Report On U.K. Riots Looks At Possible Causes
LYNN NEARY, HOST:
Last summer, police fatally shot a young black man in London, sparking riots in some of England's largest cities. Four nights of upheaval lead to more than 4,000 arrests and left many asking, why did this happen? The British newspaper The Guardian set out to answer that question. With help from the London School of Economics, the paper sent researchers to homes, fast food restaurants, even prisons, to conduct almost 300 confidential in-depth interviews with those who participated in the riots.
I spoke with Paul Lewis, special projects editor at The Guardian, and asked him if these interviewees had anything in common.
PAUL LEWIS: Generally speaking, they were young. Generally speaking, they were men. But people have actually underestimated the number of women who were involved. But there is one thread. You could say most of them were poor. So those who weren't in education and for those who were of working age, 60 percent were unemployed. So, poor and marginalized.
NEARY: Well, what about the perception that these were race riots? Did your study find evidence to support that?
LEWIS: We didn't find these were race riots. And the people who were involved were very keen to say, no, this wasn't a race issue. And that goes for black, Asian and white rioters. So that's, you know, an interesting finding. I mean, many of the people who were involved were black. In fact, 50 percent of the people we spoke to were black. But even for them, it was rare to find any who felt this was a race riot.
Although they felt that their treatment at the hands of police often would be discriminatory along racial lines, they still felt that these riots were more than just about the color of their skin.
NEARY: You know, as the riots were going on and shortly afterwards, much of the discussion was about the fact that this seemed to be motivated really by a desire to just loot stores and that was taken as a kind of evidence of rampant greed, consumerism among the young. However, your research shows there were other causes, as well.
LEWIS: That's right. The rioters we spoke to were quite candid with us. Many of them said they saw this as an opportunity to obtain luxury items and goods that they couldn't normally afford. So that was a factor at play, but it doesn't explain the riots as a whole.
One thing we didn't expect to find was the degree of antipathy and frustration toward police. Stop and search was one of the issues that people brought up repeatedly. It really looked like rioting without a cause. It was very difficult to have a sense of why it was happening. But when we spoke to people who were doing it, they said they felt they were taking part in anti-police riots.
NEARY: Tell us a little more about stop and search and why that particular police technique would be so frustrating to young people.
LEWIS: Well, it's a controversial technique. It's controversial because it's discriminatory, and the facts are very clear on that, that if you're black you are much more likely to be stopped and searched than if you're white. But it wasn't just the fact that people were being stopped and searched. And 73 percent of the rioters we spoke to had been stopped and searched in the last year.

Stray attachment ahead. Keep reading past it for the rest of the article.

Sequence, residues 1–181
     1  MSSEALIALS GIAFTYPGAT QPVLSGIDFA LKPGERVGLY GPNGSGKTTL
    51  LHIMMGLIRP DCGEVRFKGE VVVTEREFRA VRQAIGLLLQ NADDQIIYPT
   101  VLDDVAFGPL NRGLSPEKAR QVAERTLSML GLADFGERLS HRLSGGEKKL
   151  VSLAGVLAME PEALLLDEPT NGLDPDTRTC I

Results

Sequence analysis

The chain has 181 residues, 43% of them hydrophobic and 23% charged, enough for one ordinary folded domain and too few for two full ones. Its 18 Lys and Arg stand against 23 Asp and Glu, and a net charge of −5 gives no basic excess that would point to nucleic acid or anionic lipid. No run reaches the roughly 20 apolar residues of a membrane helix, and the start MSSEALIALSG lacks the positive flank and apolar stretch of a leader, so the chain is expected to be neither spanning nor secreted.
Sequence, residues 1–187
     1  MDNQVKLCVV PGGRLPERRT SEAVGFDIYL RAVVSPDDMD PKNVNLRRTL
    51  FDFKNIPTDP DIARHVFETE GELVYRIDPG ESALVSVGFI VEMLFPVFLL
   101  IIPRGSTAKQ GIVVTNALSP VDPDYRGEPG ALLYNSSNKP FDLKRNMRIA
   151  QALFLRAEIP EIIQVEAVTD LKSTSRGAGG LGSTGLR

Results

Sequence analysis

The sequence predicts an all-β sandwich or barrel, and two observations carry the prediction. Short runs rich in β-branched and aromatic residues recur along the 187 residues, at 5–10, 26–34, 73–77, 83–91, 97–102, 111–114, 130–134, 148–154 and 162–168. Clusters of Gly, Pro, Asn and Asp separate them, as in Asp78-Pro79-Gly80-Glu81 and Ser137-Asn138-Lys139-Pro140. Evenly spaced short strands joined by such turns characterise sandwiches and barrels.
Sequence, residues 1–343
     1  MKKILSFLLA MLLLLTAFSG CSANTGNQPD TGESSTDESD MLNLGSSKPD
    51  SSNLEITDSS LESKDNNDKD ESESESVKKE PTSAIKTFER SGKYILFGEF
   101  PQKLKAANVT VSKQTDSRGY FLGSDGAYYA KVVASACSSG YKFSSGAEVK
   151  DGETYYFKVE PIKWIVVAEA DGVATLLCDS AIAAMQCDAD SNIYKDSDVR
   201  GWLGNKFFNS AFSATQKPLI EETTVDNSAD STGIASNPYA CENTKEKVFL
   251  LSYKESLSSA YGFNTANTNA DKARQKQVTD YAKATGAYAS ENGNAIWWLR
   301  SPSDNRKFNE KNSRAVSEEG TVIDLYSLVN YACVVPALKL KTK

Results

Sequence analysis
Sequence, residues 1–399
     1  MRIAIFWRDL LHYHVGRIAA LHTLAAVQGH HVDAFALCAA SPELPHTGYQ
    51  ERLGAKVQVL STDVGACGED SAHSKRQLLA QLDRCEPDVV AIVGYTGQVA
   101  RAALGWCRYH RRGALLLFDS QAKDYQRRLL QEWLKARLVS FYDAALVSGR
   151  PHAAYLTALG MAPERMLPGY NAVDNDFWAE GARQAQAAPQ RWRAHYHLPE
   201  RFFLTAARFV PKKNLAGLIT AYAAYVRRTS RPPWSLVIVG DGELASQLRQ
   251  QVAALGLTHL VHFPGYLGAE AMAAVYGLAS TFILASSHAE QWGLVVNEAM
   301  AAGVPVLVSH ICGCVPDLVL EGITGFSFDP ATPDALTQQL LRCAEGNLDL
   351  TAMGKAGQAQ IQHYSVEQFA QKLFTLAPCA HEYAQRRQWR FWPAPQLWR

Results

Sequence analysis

For many, actually, it was the way in which it was happening. And they often complained of discourtesy or rudeness from police officers or feeling that that they weren't being treated as equals. And that sense of frustration really fed into, for many of them, their hatred and anger toward police. And we saw that exhibited in the ways in which some of the people were rioting.
So there was a lot of attacks on police, on police cars. We spoke to people who'd broken into police stations. And that was a dimension to the riots that I don't think we were really fully aware of until we conducted the research.
NEARY: One other point that I thought was interesting in the way police have been reacting to your findings is a sort of sense of frustration that they were criticized for losing control of what happened back in August. And at the same time, they're now being criticized for being overbearing in these communities.
LEWIS: Yes, but actually, you know, maybe the two aren't mutually exclusive. There is an argument to be had that a more intelligent form of policing in the communities would prevent people coming out in this way. And equally, there's another argument that when you do have incidents of public disorder of this kind, you need to act very quickly to get officers on the street to prevent it from spreading. And I think that's been widely accepted now.
Whatever happens in the future, the rioters we spoke to, four out of five of them said that the riots would happen again. Most of them think that the riots will happen in the next three years. And I think whether police, government or journalists and academics, all of us really need to think hard about what these findings show and look forward to the types of things that we might do to stop it from repeating.
NEARY: Paul Lewis is special projects editor at the Guardian newspaper in London. He's overseeing a joint project with the London School of Economics to investigate the roots of last summer's U.K. riots.
Thanks so much for being with us, Paul.
LEWIS: Thank you.
NPR transcripts are created on a rush deadline by a contractor for NPR, and accuracy and availability may vary. This text may not be in its final form and may be updated or revised in the future. Please be aware that the authoritative record of NPR’s programming is the audio.